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Good Nutrition Can Help Prevent Chronic Diseases

by Eleanor Kurtus, PhD (revised 10 August 2015)

Chronic disease is related to lifestyle, which includes things like what you eat and whether you exercise or not. Having a chronic disease is expensive both money-wise and in relation to quality of life. Many chronic diseases are preventable and nutrition plays a key role.

Questions you may have include:

This lesson will answer those questions. Health Disclaimer

Prevalence of chronic degenerative disease

The leading cause of death in the United States is chronic degenerative diseases.  These are persistent conditions that develop slowly and swallow 75% of all health care costs.  They compromise quality of life and lead to premature death and disability.  These chronic conditions are heart disease, stroke, cancer, diabetes, arthritis, obesity, respiratory diseases and oral conditions.

In the United States alone, 64 million people have cardiovascular disease and 70% of adults are overweight.  Heart disease is the leading cause of death followed by cancer, strokes and pulmonary disease.

Prevention of chronic diseases

The chronic conditions listed above - heart disease, stroke, cancer, diabetes, arthritis, obesity, respiratory disease and oral conditions - are for the most part preventable.

Much of the illness, suffering and early death is caused by four modifiable risk factors:  poor nutrition, lack of physical activity, tobacco use, and excessive alcohol consumption.  The CDC reports that the chronic diseases listed above are among the most preventable and that “there is indisputable evidence for the power of prevention”.  Nutritional excellence is a key factor in prevention and recovery.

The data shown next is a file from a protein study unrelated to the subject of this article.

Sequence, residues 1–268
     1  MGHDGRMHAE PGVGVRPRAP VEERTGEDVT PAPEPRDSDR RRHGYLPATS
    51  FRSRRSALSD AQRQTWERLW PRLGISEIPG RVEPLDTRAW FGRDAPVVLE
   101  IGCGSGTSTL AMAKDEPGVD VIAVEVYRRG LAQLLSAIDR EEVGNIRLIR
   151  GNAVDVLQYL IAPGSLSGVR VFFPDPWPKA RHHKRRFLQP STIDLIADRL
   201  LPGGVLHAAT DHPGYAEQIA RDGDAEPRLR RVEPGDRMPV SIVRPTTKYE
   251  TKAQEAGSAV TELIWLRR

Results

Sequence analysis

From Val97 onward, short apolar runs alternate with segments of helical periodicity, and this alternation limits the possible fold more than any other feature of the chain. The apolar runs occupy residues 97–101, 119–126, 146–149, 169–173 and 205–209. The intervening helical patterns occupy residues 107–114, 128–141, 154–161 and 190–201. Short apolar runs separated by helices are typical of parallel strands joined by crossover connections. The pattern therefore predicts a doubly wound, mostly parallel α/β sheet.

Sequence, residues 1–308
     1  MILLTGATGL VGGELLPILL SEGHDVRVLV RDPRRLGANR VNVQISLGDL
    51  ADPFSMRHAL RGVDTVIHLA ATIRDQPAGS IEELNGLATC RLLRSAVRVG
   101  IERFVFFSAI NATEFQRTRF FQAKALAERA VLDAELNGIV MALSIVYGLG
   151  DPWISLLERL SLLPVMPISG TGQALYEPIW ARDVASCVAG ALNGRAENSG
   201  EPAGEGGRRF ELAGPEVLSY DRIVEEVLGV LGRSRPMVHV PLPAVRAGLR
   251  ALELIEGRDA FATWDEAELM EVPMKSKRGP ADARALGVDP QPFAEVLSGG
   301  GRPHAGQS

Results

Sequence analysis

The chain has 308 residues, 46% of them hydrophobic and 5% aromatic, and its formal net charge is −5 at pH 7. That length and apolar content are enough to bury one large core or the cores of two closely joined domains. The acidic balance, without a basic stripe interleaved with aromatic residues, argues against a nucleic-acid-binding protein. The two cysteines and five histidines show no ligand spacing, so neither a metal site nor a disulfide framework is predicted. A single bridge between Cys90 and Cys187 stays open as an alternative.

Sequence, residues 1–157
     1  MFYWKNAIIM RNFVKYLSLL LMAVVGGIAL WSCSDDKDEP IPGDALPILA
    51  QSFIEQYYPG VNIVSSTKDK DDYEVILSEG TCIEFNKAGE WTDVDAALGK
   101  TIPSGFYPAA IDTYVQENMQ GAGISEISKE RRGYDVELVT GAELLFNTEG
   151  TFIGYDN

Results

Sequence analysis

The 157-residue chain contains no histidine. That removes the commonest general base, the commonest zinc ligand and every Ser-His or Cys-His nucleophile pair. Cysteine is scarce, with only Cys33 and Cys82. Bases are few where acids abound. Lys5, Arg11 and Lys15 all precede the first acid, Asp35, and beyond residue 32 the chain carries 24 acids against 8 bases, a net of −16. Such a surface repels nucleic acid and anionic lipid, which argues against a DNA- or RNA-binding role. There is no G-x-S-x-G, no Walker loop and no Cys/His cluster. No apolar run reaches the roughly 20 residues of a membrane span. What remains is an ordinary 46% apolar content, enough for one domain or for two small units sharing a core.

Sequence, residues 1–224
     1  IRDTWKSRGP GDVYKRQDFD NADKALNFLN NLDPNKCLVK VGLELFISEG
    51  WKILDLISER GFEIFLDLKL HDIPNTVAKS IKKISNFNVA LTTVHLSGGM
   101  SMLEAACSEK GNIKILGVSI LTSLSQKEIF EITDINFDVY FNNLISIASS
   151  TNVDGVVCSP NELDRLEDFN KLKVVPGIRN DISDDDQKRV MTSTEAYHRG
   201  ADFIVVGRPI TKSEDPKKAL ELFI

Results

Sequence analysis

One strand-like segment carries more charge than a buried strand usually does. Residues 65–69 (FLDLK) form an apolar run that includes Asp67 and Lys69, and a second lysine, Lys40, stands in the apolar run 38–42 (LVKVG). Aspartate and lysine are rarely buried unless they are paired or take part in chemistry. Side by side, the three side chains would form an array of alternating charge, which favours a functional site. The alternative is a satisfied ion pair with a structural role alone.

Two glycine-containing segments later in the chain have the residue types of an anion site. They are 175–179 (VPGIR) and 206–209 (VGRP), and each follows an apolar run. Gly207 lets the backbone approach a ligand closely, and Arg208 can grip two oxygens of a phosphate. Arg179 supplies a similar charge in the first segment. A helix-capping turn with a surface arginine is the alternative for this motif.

Facts on nutrition

Here are some facts related to poor nutrition and quality nutrition:

Some facts related to poor nutrition

Quick facts about quality nutrition


Nutrient-dense foods are important in helping to avoid chronic diseases.  Other important factors are physical activity, absence of tobacco use and moderation with alcohol.


Fuhrman, J. (2011). Eat to live: The amazing nutrient-rich program for fast and sustained weight loss. New York: Little Brown and Company.

Higdon, J. (2007). An evidence-based approach to dietary phytochemicals. New York: Thieme.

The complete CDC report may be found at the Centers for Disease Control and Prevention website or through this link

Eat hardy; eat healthy

Resources and references

Author's Credentials


Dr. Joel Fuhrman - "How to live, for life" website

Nutrition Resources


(Notice: The School for Champions may earn commissions from book purchases)

An Evidence-Based Approach to Dietary Phytochemicals by Jane Higdon; Thieme (2007)

Super Immunity by Dr. Joel Fuhrmann (2012)

Secrets of Healthy Cooking by Dr. Joel Fuhrmann (2007)

Comments and questions

Do you have any questions, comments, or opinions on this subject? If so, send an email with your feedback. I will try to get back to you as soon as possible.

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